While the Pozzos aren’t the most patient when it comes to managers, they have shown a willingness to spend money on players. This is another reason why it’s hard to say much about how Watford will play; their roster this season is almost completely different than the one they finished second in the Championship with. The Pozzos also own Serie A’s Udinese and La Liga club Getafe, and they very often mine those markets when looking for new talent. Hence why they’ve brought in biggish-name players like José Holebas (formerly of Roma), Valon Behrami, and Miguel Britos (both ex-Napoli players), and Udinese players Matěj Vydra (on loan last year, now made permanent) and Allan Nyom to hopefully extend their time in the top division for more than one year. Those players have proven their quality at one time or another—as has their best addition, Tottenham’s Étienne Capoue, who is probably still really good in spite of his really bad experience with Spurs—but whether they come together in time to get around 40 points is anyone’s guess.

So yeah, nobody really knows what this team will look like. They are far and away the favorites to drop right back down. Still, it’s not impossible that everything comes together and the Pozzos’ magic works as well here as it has in Italy and Spain. There’s a shot that, come the final whistle of the final match day, huge Watford fan, former club owner, and lifetime club president Elton John is leading fans in a rousing rendition of “Rocket Man” rather than “Candle In The Wind.”

Norwich City


Remember these guys? How could you forget Norwich, with their ... unique choice of color scheme?

Norwich managed to rebound from their relegation from the Premier League in 2013-14 by winning the promotion playoff last season. They will take basically the same team from back then into the league this year, which will probably be as boring as their last EPL stint and thus not worthy of anyone’s time.

Their manager, Alex Neil, is a youthful 33 years old and lead the Canaries to a rousing second half of the season that saw them win promotion. Unlike Bournemouth’s Eddie Howe, though, no one’s sure if he’s actually good or not. The team itself is exceedingly uninteresting, save good old Wes Hoolahan, whom I like just because of his name, and Nathan Redmond. Redmond, as any wise Football Manager player will tell you, has long been considered a potential stud of a winger. The 21-year-old finally broke out last season with six goals and 13 assists in all competitions, while also being one of the league leaders in chances created and successful take-ons.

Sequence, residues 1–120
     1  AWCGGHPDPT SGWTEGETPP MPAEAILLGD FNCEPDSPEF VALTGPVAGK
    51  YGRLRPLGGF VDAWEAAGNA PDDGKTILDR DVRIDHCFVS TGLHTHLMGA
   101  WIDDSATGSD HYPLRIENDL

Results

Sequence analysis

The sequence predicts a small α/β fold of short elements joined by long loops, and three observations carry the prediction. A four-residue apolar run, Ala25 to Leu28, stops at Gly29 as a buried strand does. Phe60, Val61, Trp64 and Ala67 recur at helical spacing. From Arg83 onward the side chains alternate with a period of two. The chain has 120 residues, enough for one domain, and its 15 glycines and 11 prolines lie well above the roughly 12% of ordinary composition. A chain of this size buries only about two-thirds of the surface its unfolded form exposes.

The only real fun in watching Norwich this season will be seeing if Nathan Redmond can continue his growth at the highest level.



The media, quite justifiably, has made a whole lot of noise about the new money pouring into the Premier League thanks to its new TV deal. England has had the richest league for years now, and this new broadcasting deal will do nothing but increase the financial might of EPL clubs, even the relatively small ones.

Already we’ve seen the effects of this. Clubs like Stoke City, Crystal Palace, and West Ham have gone after and often signed players from around Europe’s leagues of surprisingly high pedigrees, thanks to the transfer fees and contract terms they can now afford. In today’s market, midtable English clubs can compete with almost any other club outside Europe’s handful of true superpowers for players.


This is even reflected near the bottom of the table. Despite likely fighting for survival, both Aston Villa and Leicester City have taken advantage of their newfound economic strength by pushing the limits of what kind of players bad EPL teams can acquire.

Leicester City


Leicester were very nearly the heart-warming story of the season coming into this year. They spent almost the entirety of last year rock bottom in the table with a nutty, confrontational manager who came very close to being fired multiple times. Yet in the final weeks of the season, Leicester managed to win seven of their last nine matches, spring-boarding out of the bottom and into safety in one of the best runs you’ll ever see.